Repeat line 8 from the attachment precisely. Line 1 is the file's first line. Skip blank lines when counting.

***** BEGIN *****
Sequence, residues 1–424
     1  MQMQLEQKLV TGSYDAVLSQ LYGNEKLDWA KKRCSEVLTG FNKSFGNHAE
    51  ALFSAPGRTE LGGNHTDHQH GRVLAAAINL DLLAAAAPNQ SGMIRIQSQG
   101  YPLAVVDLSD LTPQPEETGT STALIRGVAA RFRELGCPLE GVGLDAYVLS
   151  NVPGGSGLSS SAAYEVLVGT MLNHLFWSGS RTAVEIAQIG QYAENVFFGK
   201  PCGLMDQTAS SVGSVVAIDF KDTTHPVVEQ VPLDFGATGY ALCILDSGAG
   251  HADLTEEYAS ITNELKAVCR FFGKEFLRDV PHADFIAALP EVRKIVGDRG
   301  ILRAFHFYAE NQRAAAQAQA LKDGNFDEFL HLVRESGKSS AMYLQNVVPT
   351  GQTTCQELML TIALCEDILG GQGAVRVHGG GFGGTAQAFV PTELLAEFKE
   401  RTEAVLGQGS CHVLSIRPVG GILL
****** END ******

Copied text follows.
   301  ILRAFHFYAE NQRAAAQAQA LKDGNFDEFL HLVRESGKSS AMYLQNVVPT